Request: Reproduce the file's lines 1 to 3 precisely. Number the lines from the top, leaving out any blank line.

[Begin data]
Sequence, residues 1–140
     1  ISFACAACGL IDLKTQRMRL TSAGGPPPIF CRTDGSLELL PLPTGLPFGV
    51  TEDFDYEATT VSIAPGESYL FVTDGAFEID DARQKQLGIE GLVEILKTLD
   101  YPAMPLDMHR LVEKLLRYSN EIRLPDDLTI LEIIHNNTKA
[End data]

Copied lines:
Sequence, residues 1–140
     1  ISFACAACGL IDLKTQRMRL TSAGGPPPIF CRTDGSLELL PLPTGLPFGV
    51  TEDFDYEATT VSIAPGESYL FVTDGAFEID DARQKQLGIE GLVEILKTLD